10 Candles, 1970's, Drama





DIRECTOR: Roman Polanski

May contain spoilers!

Considered to be a masterpiece of not only 70’s cinema, but Cinema on the whole, Chinatown, Roman Polanski’s last film to be made in the U.S., is just that. Clearly serving as inspiration for what I consider to be a true and my film, L.A. Confidential (1997), even sharing the same composer, the late Jerry Goldsmith, this noir classic is a solidly written and elegantly directed interpretation of the California Water Wars, with William Mulholland being recast here as Noah (geddit?) Cross (John Huston).

The story is complex, layered and psychological, with more than a one viewing necessary to fully interpret and maybe even fully understand, but in the mean time, as with L.A. Confidential, you can just lap up the sharp script and the smooth characters as the final and disturbing revelations unfold.

Sex, rape, violence and intrigue dominate this tale of how water can be withheld from so many, as few men managed to monopolise the industry at the cost of farms and people, creating droughts by redirecting rivers and building dams in order to make millions, all this in the 1937 setting, where $10 million was a fortune.

Jack Nicholson is perfect in a role which could easily have been cast with Humphrey Bogart in his heyday, as is Faye Dunaway but John Huston’s classic, calculating a regal villain is underplayed to perfection, menacing yet warm without the cliché’s, in fact the same can be said for must of the cast in this regard, except for the general clichés of the noir genre.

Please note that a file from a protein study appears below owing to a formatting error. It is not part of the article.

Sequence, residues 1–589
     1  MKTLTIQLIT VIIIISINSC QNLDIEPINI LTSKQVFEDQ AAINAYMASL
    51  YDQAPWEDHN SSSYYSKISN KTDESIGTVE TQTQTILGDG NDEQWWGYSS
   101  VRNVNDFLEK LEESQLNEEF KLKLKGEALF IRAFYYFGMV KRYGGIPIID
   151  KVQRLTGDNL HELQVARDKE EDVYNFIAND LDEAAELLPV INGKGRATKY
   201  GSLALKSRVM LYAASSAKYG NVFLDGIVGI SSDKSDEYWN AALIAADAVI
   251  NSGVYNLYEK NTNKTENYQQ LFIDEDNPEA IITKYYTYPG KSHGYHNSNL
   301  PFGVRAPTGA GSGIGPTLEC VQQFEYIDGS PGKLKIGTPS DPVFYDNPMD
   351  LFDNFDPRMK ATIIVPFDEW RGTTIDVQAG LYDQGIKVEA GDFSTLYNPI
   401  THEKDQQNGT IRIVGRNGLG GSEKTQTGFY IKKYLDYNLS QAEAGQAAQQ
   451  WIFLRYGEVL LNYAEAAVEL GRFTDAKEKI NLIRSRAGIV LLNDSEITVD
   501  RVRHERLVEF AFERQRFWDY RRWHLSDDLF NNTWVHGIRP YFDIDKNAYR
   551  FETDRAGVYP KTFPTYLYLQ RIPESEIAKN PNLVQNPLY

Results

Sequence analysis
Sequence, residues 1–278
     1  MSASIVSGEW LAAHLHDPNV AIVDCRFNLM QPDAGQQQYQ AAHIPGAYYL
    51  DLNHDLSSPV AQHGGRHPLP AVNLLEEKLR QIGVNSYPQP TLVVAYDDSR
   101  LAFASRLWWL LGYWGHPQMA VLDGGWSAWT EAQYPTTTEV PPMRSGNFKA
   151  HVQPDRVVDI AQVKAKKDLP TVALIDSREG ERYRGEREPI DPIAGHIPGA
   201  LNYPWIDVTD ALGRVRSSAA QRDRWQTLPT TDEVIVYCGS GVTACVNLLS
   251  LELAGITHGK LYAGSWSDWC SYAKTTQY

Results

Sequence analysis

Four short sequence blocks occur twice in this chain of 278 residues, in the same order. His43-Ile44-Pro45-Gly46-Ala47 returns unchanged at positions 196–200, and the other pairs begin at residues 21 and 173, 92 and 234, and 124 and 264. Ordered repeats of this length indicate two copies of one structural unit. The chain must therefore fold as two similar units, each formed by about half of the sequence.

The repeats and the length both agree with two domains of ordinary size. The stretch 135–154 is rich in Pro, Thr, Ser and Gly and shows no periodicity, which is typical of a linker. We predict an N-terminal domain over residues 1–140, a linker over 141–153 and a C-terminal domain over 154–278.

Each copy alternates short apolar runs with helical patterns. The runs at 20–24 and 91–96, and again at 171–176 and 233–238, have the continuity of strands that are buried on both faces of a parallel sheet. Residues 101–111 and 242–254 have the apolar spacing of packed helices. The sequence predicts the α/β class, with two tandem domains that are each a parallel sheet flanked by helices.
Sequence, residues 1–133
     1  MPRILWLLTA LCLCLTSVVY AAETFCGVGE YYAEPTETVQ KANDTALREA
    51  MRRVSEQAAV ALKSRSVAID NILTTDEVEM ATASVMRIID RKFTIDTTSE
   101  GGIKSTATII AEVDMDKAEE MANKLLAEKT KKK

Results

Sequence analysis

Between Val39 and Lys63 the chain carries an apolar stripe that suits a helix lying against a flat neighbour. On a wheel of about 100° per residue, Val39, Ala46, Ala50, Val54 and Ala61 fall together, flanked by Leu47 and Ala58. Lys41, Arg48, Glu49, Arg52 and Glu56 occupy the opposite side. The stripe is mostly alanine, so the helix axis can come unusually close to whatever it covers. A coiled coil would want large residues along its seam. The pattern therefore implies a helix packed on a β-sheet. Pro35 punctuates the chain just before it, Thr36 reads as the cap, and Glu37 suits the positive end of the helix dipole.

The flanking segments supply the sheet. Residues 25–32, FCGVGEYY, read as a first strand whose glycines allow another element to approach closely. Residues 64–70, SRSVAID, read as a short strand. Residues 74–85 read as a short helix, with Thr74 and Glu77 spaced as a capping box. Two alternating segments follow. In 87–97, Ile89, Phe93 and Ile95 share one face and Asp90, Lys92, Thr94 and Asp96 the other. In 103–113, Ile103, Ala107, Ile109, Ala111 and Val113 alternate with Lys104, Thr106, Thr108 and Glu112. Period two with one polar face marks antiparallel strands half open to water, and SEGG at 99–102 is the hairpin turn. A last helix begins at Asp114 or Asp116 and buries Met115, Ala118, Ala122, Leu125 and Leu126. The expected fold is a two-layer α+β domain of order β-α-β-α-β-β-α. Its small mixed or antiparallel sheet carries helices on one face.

The film is pitched perfectly, intelligent, deep and topical. The building of dams and stealing water is still very much an issue of today only it is not talked about nearly enough. But the detail of Robert Townes screenplay is wonderful, with layers of foreshadowing, dialogue developed for and by Jack Nicholson’s expert delivery and Polanski’s symbolism laden direction. The film is a case in its own right, just as Christopher Nolan’s The Prestige (2006) is a magic trick about magic tricks.

But the legacy is clear. Almost from the opening scene, this is as much Who Framed Roger Rabbit (1988) as anything else,  yeah seriously and that explains why that film is so good too, as well as the more obvious L.A. Confidential. Two Neo-noir greats and it all starts here, in 1974.

A true masterpiece and a template of how to revisit film noir.

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